(Corrects reference to export restrictions in paragraph 13.
John Kemp is a Reuters market analyst. The views expressed are
By John Kemp
LONDON Feb 18 Most analysts still write about
the U.S. fuel market as if it were a closed system, with
refiners importing crude to meet domestic needs and bringing in
some extra gasoline from Europe to meet peak demand during the
summer driving season.
But that model has long ceased to be an accurate description
of how the system works.
Customers in Central and South America are at least as
important to U.S. refiners' profits and fuel prices as those in
the Midwest and on the East Coast. U.S. gasoline and heating oil
prices are driven as much by events thousands of miles to the
south as in New York Harbor.
It makes less and less sense to analyse North American
gasoline and diesel markets in isolation. U.S. refineries have
become the centre of an increasingly integrated hemisphere-wide
market, in which pump prices in Columbus, Ohio, respond to
diesel demand in Chile or gasoline demand in Mexico.
According to the U.S. Energy Information Administration
(EIA), more than 3 million barrels per day of fuel produced at
U.S. refineries are now exported, with half sent to countries in
Central and South America and the Caribbean.
The massive refineries along the U.S. Gulf Coast
increasingly rely on overseas markets to offset declining demand
at home. Meanwhile across Latin America, countries import more
and more U.S. gasoline and diesel as their own refineries
struggle to keep up with growing consumption and more stringent
The transformation has been dramatic. In less than a decade,
Gulf Coast refiners have reoriented their business away from
producing motor gasoline and heating oil for U.S. drivers and
homes to producing fuels for export.
In 2005, the United States consumed almost 21 million
barrels per day of gasoline, diesel, fuel oil and other refinery
products. Exports totalled just over 1 million barrels per day
By 2012, domestic U.S. consumption had fallen 10 percent,
but exports had tripled to more than 3 million bpd, split about
evenly between Latin America and the rest of the world.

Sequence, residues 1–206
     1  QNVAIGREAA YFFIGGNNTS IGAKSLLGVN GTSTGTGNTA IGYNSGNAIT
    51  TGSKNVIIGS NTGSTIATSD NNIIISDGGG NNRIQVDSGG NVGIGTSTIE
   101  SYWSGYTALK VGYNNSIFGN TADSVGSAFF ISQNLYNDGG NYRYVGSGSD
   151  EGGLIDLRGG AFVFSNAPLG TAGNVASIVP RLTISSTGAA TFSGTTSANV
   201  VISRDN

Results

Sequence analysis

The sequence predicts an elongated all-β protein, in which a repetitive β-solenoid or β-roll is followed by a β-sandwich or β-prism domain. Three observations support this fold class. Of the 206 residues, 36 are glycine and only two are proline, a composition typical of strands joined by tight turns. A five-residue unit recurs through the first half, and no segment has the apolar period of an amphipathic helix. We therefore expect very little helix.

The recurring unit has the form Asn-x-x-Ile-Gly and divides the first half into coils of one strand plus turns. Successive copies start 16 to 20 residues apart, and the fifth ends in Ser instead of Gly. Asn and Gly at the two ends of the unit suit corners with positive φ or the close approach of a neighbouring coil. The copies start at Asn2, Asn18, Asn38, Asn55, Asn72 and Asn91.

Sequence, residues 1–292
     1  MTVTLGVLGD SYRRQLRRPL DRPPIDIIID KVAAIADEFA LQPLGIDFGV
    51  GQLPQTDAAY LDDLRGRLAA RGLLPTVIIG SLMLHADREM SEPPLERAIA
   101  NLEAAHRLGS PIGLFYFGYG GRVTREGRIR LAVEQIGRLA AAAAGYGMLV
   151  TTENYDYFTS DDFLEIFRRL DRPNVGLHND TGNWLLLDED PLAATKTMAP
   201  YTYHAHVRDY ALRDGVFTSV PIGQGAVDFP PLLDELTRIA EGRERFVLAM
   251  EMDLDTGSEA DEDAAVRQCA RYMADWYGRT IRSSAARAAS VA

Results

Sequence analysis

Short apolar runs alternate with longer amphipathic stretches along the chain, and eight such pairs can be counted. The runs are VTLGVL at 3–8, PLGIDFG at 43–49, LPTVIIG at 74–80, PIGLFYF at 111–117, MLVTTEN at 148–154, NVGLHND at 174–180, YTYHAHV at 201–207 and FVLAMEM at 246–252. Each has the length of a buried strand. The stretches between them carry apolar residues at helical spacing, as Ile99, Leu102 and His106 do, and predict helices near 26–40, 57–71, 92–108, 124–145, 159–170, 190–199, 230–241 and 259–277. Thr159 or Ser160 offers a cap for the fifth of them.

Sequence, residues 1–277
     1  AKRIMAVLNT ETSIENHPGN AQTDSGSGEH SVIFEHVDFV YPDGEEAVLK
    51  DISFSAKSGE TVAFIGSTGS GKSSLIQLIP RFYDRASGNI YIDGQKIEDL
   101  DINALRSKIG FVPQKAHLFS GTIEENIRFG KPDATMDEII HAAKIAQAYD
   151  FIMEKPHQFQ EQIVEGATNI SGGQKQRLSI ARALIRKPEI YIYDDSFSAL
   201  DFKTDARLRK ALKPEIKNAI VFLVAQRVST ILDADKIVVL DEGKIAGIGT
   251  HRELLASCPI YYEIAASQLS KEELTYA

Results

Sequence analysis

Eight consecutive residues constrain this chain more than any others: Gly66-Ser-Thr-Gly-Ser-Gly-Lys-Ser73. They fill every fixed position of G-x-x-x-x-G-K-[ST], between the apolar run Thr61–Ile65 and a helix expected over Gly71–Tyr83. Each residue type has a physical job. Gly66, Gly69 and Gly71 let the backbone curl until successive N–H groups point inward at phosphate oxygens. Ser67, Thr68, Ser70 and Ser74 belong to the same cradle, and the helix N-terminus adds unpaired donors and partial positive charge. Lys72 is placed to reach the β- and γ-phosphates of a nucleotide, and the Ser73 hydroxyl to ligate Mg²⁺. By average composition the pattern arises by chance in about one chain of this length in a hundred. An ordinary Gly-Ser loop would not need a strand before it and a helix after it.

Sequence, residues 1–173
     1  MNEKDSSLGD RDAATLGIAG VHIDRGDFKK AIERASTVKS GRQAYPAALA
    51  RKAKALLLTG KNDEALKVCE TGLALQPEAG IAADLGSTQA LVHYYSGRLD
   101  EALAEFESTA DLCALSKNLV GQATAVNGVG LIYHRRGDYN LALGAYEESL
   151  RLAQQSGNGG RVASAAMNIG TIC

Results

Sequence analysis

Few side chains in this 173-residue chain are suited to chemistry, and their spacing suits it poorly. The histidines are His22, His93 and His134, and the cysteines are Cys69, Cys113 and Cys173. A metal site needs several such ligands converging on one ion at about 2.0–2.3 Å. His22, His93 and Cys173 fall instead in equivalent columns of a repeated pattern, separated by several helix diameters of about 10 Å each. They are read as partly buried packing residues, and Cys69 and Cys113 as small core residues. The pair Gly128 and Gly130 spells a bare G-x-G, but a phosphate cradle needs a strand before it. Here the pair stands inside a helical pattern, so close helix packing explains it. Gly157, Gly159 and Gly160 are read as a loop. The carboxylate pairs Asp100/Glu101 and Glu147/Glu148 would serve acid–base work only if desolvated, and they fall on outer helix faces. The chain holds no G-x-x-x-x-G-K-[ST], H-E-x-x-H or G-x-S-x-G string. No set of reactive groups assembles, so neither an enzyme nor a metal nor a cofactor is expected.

U.S. refineries now export more than 1 million barrels of
home heating oil and road diesel every day to Mexico
(100-200,000 bpd), Chile (100,000 bpd), Brazil (100,000 bpd) and
other destinations, according to EIA.
They also export more than 400,000 bpd of gasoline, mostly
to Mexico (200-300,000 bpd), and smaller quantities of propane
and butane across Central America and the Caribbean.
The United States maintains stringent controls on crude
exports, but there are no restrictions on overseas shipments of
U.S. refiners can even export liquefied refinery gases
(LRGs) produced as the result of distillation and other refinery
Much of this output is loaded onto tankers and sent to the
west coast of Central and South America via the Panama Canal,
where it has been one of the fastest growing items of traffic
since the turn of the century.
U.S. refiners have always been occasional exporters to Latin
America, for example when drought has cut hydroelectric power
and forced countries to rely on diesel generators or natural gas
supplies have run short.
But over the last five years, exports have become a constant
part of U.S. refiners' business.
Between the 1950s and the 1980s, countries across South
America sought to meet their fuel requirements entirely from
local refineries as part of the drive for import-substituting
industrialisation (ISI) and to lessen their vulnerability to
military blockades and embargoes.
Economic liberalisation and the commodity boom has brought
sharp growth in fuel consumption. But there has not been a
corresponding increase in local refinery supplies. Limits on the
amount of sulphur in refined fuels have also become more
stringent, though they are still less strict than in Europe and
As a result, Latin America's aging refineries increasingly
struggle to produce enough clean gasoline and diesel to meet
Building complex new refineries capable of handling a wide
range of crude grades, complete with hydrodesulphurisation,
fluid catalytic cracking and alkylation units, to produce high
quality fuels requires enormous amounts of investment.
Latin America's state-regulated fuel suppliers have lacked
both incentives and capital to make multi-billion dollar
investments in new capacity. It is easier to bring in clean
fuels from the highly complex and efficient refineries along the
Several Latin American refineries are due to be expanded by
2016, according to OPEC, which will add hundreds of thousands of
barrels per day of distillation capacity, though refinery
projects continue to suffer delays.
But in addition, the region desperately needs more upgrading
capacity to squeeze more gasoline and diesel from heavier crudes
and downstream processing capacity to remove excess sulphur and
improve fuel performance.
Without more upgrading and processing units, Latin America's
refiners will struggle to compete with their rivals on the U.S.
Gulf Coast, and it will remain cheaper to bring gasoline and
diesel from North America than produce it locally.
(Editing by Jane Baird and Anthony Barker)